2. at the same time, however, members refused to found a religious order or take vows; instead, they gathered and persist in religious life voluntarily.  they were able to win the support of many local townships, but tended to be regarded with skepticism by the ecclesiastical establishment
  3. nevertheless, the brothers and sisters of the common life were obedient to ecclesiastical authorities and committed to orthodox teaching.  the fact that they had no unique doctrine to promulgate aided the acceptance of the movement.  nevertheless, their conservative alignment on the structural-poltical problems of the Church (viz., they supported the Roman pope, against other claimants) periodically caused political trouble with the locals which caused communities to relocate more frequently, aiding spread of the movement.
  4. the ultimate program for interior discipline was a voluntary submission to the life of the community in humility and love in pursuit of virtues.  this was an essentially moralistic environment

consequent to these values, the brothers and sisters of the common life found themselves on the margins of a decadently religious society, where the institution of the church still stood at the center of public life, but few people took it very seriously.  still, they did not judge the rest of society, but rather focused on their own conversion and moral and spiritual progress.

with respect to the spiritual features of the movement, again four

1. emphasis on Christ, although this is common in late medieval piety.

Van Engen notes that their piety is largely oriented towards imitation of Christ: but neither imitation in a strict sense, as in works of mercy, nor on “mystic union” as in the teachings of many late medieval authors, but rather on an individual and affective identification with particular moments in Christ’s life, chiefly his passion, with a fourfold purpose:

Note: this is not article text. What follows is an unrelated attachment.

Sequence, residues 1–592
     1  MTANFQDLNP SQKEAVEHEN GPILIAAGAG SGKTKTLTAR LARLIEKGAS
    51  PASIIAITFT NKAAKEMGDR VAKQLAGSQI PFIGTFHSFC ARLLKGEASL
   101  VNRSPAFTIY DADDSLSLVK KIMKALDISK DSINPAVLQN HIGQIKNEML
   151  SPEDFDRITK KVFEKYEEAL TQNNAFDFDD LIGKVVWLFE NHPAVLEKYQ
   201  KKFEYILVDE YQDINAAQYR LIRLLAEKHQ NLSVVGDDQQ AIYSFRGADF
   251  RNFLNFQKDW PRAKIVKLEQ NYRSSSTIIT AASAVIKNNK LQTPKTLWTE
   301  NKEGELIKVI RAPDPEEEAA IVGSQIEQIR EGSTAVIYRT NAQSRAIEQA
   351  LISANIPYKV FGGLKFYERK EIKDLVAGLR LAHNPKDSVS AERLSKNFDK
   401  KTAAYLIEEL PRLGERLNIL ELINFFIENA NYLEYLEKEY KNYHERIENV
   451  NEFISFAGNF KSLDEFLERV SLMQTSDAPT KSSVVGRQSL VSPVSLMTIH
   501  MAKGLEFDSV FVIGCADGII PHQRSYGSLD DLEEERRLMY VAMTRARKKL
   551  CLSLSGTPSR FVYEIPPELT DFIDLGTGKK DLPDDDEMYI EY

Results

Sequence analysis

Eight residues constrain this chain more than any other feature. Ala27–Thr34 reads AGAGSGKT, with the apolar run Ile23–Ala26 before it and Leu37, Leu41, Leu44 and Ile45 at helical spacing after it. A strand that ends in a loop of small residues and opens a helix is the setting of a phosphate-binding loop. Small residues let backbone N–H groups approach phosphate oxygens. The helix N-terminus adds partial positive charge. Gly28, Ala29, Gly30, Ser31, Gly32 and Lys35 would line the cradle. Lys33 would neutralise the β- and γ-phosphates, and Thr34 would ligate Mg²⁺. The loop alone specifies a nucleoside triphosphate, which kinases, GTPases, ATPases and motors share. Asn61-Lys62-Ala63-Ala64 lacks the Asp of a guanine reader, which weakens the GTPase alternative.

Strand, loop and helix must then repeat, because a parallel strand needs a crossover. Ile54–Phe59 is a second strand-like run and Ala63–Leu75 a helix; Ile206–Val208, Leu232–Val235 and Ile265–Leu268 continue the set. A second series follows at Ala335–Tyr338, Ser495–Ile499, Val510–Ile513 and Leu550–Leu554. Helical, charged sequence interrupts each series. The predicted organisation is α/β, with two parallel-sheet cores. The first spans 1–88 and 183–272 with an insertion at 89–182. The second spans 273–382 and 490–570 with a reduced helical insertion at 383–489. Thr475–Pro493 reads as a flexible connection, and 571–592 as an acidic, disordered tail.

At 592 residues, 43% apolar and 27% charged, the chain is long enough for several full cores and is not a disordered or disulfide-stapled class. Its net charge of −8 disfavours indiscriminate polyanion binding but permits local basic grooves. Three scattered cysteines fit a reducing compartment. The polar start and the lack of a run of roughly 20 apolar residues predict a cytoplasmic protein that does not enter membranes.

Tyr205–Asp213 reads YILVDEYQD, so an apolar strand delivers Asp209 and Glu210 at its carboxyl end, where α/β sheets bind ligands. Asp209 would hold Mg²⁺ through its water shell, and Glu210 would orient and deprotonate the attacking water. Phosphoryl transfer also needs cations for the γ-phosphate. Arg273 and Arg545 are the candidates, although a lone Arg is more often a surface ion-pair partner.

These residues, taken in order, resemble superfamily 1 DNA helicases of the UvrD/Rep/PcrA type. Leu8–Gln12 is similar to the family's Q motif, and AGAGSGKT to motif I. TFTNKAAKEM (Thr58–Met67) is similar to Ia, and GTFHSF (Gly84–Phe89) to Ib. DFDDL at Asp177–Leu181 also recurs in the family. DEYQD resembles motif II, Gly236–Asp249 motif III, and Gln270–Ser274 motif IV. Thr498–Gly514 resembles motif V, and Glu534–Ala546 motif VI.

• to relive with Christ his virtuous life and saving passion
  • to have him ever present before one’s eyes
  • to manifest his presence to others
  • to orchestrate all of one’s mental and emotional faculties around devotion to him (25)

2. emphasis on Scripture –a highly literate spirituality very much dependent on the rising middle class

3. emphasis on moral sanctity – again, moralistic emphasis on cultivating virtue. anti-speculative: reading and exercises aimed toward believing and acting on the truths of the faith, rather than abstract, speculative questions.  emphasis on “utility” (in this case, increase of personal holiness) congruent with rising bourgious attitudes

4. developing interiority, rather than engaging with the problems of society

the strands of piety that would be picked up by both roman and protestant devotion in the reformation/enlightenment. through the present day are, i think, quite evident.  clearly, this movement represents a crucial transition between late medieval / early modern religion, and is fascinating case study in religious change during a time of transition.

prayer and presence

they’ve had to call on the reserve of the reserve to run services in the chapel of St. Silvinus this week; with the “A” team off for the summer, and the “B” team out for the week, it’s been us “C” team benchwarmers up to the liturgical plate.  which has meant, for me, spending a lot of extra time this week out in chapel — and by “a lot” i also mean “as little as possible,” but one can only be so efficient in doing all the little tasks that need to be done.

yet i’ve observed some things accidentally in this time as well.  profoundly, just a slight change in my attitudes, my preparations before prayer can yield huge dividends in terms of my presence in prayer and the perceived effectiveness of prayer.

this is immensely humbling.  as a person who, with a modest liturgical formation, suddenly feels qualified to issue citations for liturgical faux pas to every clergyman i come across.  if i myself am so variable in my devotion, why should i expect absolute consistency from anyone else?  far better for me to redouble my own commitment to prayer, and guide myself into a more pious and appropriate practice, than worry about umpteen external circumstances that are far beyond my control.